Indeed, any vector may be uniquely represented as a linear combination of vectors in
and we then have
Now, we may represent each of the vectors as a linear combination of the vectors in
and we then have
is the unique representation of the vector relative to the basis of So, our computation shows that we have the matrix equation
Schematically, this matrix equation can be expressed as follows: for any we have that
where, denotes the matrix whose entries are the coordinates of the vector relative to the basis of denotes the matrix whose entries are the coordinates of the vector relative to the basis of and is the matrix
whose th column is the matrix What this means at the conceptual level is the following: choosing a basis in results in a vector space isomorphism defined by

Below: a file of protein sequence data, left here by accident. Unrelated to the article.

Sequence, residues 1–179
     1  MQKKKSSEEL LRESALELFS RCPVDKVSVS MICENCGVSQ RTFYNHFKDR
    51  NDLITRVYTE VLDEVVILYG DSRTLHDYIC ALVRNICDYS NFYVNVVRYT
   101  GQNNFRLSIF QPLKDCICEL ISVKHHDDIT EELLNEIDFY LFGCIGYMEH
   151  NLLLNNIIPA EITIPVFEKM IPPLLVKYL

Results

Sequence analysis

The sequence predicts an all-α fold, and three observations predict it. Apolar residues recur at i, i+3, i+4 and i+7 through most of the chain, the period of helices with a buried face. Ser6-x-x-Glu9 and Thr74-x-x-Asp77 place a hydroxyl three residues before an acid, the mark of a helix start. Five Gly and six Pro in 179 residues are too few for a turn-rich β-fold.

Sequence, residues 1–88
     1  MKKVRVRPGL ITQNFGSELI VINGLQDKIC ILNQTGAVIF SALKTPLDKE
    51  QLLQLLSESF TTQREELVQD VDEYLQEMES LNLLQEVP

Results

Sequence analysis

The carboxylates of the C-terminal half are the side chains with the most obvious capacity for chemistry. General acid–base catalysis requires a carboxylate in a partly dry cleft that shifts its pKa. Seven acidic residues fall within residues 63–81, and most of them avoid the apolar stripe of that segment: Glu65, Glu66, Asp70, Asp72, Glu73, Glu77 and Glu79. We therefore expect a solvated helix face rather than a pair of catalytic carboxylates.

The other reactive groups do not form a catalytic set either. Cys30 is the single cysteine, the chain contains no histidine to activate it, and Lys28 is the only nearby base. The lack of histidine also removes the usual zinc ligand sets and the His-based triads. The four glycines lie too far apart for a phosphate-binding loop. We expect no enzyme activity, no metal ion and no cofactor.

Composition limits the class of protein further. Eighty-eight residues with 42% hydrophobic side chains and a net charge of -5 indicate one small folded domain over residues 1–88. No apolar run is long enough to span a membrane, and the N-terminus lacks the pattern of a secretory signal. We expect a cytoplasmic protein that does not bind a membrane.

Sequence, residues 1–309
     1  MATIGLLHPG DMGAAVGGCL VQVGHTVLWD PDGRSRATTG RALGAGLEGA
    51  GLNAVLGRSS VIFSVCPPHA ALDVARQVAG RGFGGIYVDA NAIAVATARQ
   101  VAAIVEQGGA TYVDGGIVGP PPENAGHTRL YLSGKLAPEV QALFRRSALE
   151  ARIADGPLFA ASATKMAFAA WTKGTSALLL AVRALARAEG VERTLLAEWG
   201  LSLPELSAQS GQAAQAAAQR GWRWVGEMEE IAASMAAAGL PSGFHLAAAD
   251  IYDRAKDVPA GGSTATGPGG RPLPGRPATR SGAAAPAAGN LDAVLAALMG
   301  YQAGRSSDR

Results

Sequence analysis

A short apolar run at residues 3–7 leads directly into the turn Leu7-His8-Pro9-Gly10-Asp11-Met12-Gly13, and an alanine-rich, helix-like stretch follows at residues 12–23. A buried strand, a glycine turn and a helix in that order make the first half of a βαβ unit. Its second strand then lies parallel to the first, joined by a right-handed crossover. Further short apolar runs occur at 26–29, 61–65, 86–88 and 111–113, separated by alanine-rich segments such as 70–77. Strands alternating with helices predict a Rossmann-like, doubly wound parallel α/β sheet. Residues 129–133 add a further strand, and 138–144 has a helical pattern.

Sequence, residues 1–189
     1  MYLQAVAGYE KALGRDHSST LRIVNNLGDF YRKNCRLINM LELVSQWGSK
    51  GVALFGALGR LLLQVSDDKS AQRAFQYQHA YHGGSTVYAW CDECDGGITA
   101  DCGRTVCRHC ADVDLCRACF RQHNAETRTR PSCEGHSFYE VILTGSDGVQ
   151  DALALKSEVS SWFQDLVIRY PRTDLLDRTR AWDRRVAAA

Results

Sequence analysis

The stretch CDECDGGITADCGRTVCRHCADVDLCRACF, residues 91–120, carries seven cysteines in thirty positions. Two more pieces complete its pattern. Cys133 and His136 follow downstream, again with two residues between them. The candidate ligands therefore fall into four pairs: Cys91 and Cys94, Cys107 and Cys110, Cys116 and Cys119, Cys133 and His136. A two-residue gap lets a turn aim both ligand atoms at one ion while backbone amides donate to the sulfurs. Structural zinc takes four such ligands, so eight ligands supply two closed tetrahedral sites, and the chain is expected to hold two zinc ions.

choosing a basis in results in a vector space isomorphism defined by
and these two choices together result in a vector space isomorphism defined by
Let us consider how the above works in the special case that and We are then dealing with linear operators and the matrix representing such an operator is the square matrix
For every we have the matrix equation
In this case, there is an extra consideration. Suppose we have two linear operators Then, we also have their product and a natural issue is to determine the relationship between the matrices and Let us now work this out.
Start with a vector and let
be its representation relative to the basis of Let
be the representations of the vectors relative to the basis
We then have
This shows that the matrix of the product transformation relative to the basis is given by the product of the matrices representing and in this basis, i.e.
So, in the case of linear operators, the isomorphism given by
is not just a vector space isomorphism, but a vector space isomorphism compatible with multiplication — an algebra isomorphism.